Leading from the entrance hall is the billiard room, sixteen by twenty-two feet, with an open fireplace. Connected with the billiard room is a large porch, which in winter time may be enclosed for a sun parlor, as its situation in the wing affords exposure on three sides. There is also a fireplace on this porch, backed up to the one in the billiard room, so that, should the family or its guests desire to sit outside at any time, a fire can be lit.
Pergola of Craftsman House
One of the most attractive features of this house is at the rear. It consists of a court, or patio, enclosed on three sides, with a gererous pergola, which, when covered with vines or roses in summer will be just the thing to allure the family to a meal out-of-doors. The place is practically as secluded as the dining room itself, and the steps to be taken from the kitchen to the court are fewer than those required to serve in the dining room. The court is built of split rubble with solid cement floor.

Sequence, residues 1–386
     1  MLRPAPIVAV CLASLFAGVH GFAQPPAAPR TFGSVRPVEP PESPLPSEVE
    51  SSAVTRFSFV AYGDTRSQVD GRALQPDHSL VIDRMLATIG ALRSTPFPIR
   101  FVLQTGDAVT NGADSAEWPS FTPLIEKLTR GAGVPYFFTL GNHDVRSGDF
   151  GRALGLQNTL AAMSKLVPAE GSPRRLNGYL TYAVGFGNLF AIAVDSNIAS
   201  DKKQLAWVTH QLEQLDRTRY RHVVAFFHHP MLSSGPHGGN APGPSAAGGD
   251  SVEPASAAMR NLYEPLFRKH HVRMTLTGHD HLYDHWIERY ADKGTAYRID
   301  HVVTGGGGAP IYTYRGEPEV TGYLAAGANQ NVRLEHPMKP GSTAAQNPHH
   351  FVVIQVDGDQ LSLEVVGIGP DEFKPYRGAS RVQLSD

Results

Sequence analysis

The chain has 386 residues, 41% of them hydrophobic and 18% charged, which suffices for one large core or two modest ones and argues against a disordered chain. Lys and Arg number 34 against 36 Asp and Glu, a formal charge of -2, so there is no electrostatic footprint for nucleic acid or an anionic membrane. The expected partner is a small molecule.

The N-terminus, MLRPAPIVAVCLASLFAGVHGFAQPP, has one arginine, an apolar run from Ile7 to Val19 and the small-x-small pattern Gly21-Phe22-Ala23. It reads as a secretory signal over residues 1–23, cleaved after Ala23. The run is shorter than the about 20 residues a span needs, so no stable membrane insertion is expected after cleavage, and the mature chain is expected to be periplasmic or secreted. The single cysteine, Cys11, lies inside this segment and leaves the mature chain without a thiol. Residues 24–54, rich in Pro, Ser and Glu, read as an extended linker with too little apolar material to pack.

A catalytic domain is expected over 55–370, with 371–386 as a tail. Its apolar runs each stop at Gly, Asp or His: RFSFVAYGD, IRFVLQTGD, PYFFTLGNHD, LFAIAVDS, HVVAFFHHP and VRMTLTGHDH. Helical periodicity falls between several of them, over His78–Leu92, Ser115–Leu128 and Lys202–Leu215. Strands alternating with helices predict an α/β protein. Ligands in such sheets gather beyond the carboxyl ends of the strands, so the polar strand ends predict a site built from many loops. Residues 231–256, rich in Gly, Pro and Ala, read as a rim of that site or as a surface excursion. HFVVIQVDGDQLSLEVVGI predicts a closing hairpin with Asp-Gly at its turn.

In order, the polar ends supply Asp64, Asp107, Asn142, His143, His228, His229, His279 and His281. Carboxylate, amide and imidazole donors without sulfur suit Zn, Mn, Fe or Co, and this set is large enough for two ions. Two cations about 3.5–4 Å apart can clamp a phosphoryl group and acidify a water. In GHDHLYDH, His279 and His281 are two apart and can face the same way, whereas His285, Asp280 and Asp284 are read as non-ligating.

Second Floor of Craftsman House
The second floor is well proportioned and divided, allowing five large rooms and a servant's room. The stairs enter an open hall from which are two rooms and also a bathroom. A corridor connects the two wings, and from this doors open into the two large
center bedrooms, which have a connecting bathroom. The left wing affords another bedroom with private bathroom and the servant's room, which also has its own bath. In the third story is an additional and large room for servants' use, and abundant storage facilities.
Hall of Craftsman House